I wrote a short email to my seminar class called “Game, Chance and Narrative” about how to create a nice blog for their final presentations. They still have to write final papers, but I have them create blogs as well. My hope is that they can use the act of writing for the blog as a way to look again at their prose.

Here are the notes I sent out. Nothing earth shattering here, but I think the points are very basic, good ones.

Here are some points I thought of about your blogs:

Chunkify — even if the paragraphs in your paper are long, break them up into shorter paragraphs for the blog. It just makes the visual impact better — nobody likes to read long paragraphs on the screen.

Make sections — even if your paper just works as one long section, break your blog up into separate points. You can even number them. Make them separate posts.

Use multimedia — even if you don’t need a video or image to make your point clearer, you can still include a few extra things just to keep it lively. Don’t put in totally irrelevant stuff, but you have space so use it.

Link key phrases and words — blogs and other websites just seem livelier if you link phrases and words to relevant articles. You can even be witty this way — link to strange things that help you make your point.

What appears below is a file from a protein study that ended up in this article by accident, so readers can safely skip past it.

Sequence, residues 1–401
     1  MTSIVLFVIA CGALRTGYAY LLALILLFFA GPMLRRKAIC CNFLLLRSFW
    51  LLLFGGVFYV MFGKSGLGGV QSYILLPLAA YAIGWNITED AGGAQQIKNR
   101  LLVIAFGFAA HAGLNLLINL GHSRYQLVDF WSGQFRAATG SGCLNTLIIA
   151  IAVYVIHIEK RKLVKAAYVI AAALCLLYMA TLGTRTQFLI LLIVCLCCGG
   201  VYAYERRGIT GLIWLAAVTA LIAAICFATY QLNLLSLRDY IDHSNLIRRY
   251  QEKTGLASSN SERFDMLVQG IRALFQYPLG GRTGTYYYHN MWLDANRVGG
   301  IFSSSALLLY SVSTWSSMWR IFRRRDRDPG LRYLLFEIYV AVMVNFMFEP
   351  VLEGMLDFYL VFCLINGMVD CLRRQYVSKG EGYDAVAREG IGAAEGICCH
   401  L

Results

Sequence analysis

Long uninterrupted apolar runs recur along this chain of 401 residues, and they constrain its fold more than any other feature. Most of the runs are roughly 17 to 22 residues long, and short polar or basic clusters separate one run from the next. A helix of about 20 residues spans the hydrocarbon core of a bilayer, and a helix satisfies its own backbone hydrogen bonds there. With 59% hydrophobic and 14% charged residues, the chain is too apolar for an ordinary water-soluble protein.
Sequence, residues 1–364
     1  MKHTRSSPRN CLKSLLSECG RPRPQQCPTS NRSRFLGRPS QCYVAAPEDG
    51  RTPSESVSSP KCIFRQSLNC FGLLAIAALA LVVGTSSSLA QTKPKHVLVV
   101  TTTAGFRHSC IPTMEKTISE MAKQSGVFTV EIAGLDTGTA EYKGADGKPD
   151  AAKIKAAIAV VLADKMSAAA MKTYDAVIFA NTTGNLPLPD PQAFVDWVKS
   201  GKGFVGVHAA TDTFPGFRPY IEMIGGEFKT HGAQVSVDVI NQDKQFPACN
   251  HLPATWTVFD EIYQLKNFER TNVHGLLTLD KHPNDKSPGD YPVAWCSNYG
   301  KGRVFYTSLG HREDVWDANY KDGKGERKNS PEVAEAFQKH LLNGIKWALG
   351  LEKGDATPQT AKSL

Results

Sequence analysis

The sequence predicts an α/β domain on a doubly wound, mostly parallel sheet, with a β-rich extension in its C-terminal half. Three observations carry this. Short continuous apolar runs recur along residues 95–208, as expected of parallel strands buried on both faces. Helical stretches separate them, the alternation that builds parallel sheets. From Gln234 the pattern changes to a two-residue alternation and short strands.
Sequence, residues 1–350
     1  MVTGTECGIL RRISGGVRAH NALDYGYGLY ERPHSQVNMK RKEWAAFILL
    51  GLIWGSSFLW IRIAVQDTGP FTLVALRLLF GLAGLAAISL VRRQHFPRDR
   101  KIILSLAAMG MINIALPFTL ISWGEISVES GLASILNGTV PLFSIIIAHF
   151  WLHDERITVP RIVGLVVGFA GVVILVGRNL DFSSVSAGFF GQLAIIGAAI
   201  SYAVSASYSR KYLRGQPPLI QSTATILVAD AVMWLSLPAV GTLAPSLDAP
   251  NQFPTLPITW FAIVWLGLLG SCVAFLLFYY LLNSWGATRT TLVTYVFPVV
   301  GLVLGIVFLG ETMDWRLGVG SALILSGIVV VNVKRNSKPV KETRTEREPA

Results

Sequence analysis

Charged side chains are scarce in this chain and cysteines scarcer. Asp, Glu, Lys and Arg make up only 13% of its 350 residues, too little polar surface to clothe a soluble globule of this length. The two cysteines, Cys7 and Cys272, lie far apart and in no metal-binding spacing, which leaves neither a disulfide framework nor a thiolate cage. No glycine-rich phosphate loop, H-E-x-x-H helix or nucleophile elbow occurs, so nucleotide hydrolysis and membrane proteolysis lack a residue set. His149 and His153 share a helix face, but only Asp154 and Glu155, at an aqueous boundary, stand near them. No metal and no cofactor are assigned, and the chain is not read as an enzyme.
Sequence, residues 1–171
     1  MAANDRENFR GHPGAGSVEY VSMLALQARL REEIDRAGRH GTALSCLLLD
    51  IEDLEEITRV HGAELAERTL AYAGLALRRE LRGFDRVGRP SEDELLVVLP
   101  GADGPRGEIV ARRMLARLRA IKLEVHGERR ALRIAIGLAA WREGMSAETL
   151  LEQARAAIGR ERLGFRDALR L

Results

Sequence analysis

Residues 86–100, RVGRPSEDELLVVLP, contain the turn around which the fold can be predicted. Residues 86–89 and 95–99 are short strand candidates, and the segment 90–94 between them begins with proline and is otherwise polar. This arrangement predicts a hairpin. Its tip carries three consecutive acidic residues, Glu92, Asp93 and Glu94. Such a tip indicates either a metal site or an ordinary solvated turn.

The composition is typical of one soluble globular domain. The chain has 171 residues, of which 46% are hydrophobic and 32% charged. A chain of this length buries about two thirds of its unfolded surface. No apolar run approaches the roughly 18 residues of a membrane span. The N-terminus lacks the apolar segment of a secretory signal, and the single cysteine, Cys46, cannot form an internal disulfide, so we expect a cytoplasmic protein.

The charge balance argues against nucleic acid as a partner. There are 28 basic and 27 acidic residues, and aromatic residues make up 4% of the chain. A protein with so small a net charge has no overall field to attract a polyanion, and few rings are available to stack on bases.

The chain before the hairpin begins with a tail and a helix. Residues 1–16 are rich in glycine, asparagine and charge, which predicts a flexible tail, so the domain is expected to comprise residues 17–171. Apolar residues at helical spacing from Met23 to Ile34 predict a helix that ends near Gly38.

Use your blog writing to help you revise your paper — often I find that something I wrote in a Word doc seems unnecessarily wordy when I put it on a blog. Use the blog as a new way to look at your prose for your paper.

Use the blog formatting features — especially for long quotes from essays, use the block quote tags in the blog. Generally, if a quote from a text is longer than 4 lines (on paper) it should be offset as a block quote — otherwise, just use regular quotes and leave them in the paragaph.

You can have much more text on your blog than in your paper, but I want you to stick to the paper length for what you hand in on the page. Your paper shouldn’t read like a bunch of blog posts, but like a sophisticaed research paper. Don’t include screencaps or anything like that in your paper, just refer to your blog.

Your presentations should be about 7-10 minutes. We have to race through all of them in 3 hours, so time it well. If you have time, practice! During your presentation, feel free to ask the class if they have additional ideas about a section or two, or other examples — this can be a workshop for your final paper.